Alan Hale Jr. was a beloved actor who is best known for his role as the Skipper on "Gilligan’s Island." During his 55-year career, he was always winning people over with his quick jokes and playful smile. From the time he was born in 1921 until he died in 1990 at 68 years old, he was always able to bring joy to the lives of those he met. That’s why we took the time today to look back over his wonderful life!
1. In the 1970s, Alan opened his very own restaurant! He called it the Lobster Barrel, and it was located on Hollywood’s ‘Restaurant Row’ on La Cienega Boulevard. The restaurant remained open for 15 years, and no one is quite sure what caused its closing. While the restaurant was open, he would often greet customers dressed in the Skipper’s hat, and was always more than happy to give autographs!
2. When he left the restaurant business, he started a new company that could not have been more perfect for him. He started Alan Hale’s Quality and Leisure Travel Office, where he arranged boat cruises! Thankfully, he was careful not to arrange any three-hour tours from Honolulu!
3. He guest starred on the "Batman" episode, “The Ogg and I” in which he played a diner cook named Gilligan! The episode starred Vincent Price as Egghead. When the police chief enters the diner, Alan Hale comes out of the kitchen, and the chief says to him, “Right, Gilligan, one large milk and a hot pastrami.”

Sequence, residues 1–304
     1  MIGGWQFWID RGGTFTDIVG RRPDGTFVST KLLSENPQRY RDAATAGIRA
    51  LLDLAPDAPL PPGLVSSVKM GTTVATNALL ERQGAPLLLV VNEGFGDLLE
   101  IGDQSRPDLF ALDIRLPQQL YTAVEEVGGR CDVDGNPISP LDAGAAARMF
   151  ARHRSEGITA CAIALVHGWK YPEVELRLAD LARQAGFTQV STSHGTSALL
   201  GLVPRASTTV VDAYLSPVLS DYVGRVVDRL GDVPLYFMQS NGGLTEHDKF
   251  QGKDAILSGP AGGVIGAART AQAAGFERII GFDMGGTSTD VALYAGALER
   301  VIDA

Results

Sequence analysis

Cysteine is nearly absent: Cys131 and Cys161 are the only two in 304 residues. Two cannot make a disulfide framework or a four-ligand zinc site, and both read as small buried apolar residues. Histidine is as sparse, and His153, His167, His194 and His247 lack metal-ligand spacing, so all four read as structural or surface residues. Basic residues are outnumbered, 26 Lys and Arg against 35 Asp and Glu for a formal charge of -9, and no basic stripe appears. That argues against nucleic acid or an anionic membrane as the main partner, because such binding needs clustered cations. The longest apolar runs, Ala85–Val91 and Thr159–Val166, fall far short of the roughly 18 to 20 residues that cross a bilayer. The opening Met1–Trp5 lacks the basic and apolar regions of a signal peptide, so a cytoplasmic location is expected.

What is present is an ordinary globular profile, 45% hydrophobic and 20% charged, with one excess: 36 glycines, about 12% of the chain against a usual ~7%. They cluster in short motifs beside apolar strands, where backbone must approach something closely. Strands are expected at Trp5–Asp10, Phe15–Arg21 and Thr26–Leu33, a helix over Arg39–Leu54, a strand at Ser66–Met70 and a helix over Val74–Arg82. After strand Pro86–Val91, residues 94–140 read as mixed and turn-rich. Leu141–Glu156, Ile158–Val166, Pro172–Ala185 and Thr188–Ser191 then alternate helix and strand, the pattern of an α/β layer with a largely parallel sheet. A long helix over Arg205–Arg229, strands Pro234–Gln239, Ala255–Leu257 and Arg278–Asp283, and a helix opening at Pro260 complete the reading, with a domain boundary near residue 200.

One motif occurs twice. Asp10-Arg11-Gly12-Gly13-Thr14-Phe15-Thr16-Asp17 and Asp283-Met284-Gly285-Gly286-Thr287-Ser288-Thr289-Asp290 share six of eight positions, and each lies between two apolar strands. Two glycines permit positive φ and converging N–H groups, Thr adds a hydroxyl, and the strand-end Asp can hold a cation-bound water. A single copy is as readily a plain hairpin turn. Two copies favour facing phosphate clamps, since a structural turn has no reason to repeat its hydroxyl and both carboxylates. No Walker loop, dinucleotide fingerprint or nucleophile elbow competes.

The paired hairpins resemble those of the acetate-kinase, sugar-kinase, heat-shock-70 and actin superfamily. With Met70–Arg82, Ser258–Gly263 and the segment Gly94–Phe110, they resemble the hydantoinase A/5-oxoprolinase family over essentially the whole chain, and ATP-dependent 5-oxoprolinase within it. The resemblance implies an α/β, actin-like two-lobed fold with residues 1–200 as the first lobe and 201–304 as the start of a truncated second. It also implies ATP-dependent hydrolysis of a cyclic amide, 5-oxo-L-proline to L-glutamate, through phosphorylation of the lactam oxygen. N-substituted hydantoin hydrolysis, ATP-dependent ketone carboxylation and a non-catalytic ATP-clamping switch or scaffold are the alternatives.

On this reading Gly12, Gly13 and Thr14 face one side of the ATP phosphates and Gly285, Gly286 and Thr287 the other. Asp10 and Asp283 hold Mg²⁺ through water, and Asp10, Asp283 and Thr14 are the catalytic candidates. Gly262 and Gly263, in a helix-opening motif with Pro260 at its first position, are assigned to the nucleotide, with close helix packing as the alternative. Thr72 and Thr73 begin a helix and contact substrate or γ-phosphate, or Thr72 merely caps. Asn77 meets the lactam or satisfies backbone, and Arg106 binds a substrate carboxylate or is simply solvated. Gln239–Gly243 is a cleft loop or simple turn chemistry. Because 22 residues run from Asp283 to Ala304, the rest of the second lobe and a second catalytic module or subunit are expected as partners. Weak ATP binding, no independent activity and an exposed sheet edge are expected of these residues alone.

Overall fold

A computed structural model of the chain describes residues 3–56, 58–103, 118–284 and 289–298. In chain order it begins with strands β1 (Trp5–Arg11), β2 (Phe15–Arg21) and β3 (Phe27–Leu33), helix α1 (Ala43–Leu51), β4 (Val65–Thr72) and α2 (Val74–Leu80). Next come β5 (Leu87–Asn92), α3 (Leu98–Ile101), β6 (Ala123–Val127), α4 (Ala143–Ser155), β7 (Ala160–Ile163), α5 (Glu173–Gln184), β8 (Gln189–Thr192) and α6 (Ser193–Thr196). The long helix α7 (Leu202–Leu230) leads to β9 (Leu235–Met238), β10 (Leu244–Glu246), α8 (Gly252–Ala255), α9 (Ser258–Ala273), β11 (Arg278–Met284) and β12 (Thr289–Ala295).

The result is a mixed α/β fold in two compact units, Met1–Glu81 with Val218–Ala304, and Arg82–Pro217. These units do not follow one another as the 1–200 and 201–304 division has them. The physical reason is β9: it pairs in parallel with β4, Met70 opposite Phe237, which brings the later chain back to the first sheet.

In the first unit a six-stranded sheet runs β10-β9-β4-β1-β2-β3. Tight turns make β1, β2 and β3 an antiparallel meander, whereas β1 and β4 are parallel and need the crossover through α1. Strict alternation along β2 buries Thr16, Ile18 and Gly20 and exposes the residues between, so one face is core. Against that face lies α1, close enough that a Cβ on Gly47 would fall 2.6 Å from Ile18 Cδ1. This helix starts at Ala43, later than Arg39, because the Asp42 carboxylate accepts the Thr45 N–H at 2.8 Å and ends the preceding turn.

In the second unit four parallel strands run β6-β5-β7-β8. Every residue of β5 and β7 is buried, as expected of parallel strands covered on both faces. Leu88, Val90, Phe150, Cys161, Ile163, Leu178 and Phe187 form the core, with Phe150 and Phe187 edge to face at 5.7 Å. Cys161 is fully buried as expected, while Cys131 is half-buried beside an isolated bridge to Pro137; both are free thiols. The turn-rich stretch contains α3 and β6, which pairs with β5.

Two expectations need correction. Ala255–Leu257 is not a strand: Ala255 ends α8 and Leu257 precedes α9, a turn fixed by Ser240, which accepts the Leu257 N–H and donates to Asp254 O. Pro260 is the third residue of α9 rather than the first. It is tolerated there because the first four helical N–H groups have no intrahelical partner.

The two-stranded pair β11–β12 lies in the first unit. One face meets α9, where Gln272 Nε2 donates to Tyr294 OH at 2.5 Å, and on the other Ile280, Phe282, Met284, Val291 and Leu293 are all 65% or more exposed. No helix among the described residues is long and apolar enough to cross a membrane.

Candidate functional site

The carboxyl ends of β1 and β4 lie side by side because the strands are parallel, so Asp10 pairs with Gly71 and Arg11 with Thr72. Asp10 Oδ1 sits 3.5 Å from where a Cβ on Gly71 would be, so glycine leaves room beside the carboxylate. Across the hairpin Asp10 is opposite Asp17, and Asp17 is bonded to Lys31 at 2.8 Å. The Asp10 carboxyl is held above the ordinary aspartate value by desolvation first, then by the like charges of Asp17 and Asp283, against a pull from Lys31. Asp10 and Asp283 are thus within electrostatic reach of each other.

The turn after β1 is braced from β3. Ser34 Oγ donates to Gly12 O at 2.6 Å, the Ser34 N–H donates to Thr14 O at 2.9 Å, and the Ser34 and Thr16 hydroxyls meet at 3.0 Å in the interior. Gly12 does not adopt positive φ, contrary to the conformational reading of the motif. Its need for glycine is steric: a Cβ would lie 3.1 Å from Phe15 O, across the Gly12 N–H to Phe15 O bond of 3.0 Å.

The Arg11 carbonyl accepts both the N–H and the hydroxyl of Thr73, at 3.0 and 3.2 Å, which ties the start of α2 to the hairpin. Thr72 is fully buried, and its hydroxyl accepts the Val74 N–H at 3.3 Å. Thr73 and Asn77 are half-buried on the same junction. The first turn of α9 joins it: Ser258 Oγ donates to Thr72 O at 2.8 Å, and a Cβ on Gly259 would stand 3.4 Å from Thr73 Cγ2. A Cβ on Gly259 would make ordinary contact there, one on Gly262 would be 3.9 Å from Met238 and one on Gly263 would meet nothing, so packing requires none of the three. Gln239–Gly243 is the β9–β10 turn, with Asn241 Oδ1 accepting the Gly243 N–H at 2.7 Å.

4. He served in the United States Coast Guard from 1942 to 1945, during World War II. During his time serving, he earned the rank of Seaman E-3. When he passed away in 1990, he chose to have his ashes scattered over his truest love of all, the Pacific Ocean.
5. His father was Rufus Edward McKahan, who went by the stage name of Alan Hale. When Alan Jr. was born on March 8, 1921, his father began to go by the name of Alan Hale Sr. Alan Sr. appeared in over 235 films, as both a leading man in silent films and a supporting actor in sound movies. When Alan Sr. passed away in 1950, Alan Jr. dropped the junior part from his name and went only by Alan Hale.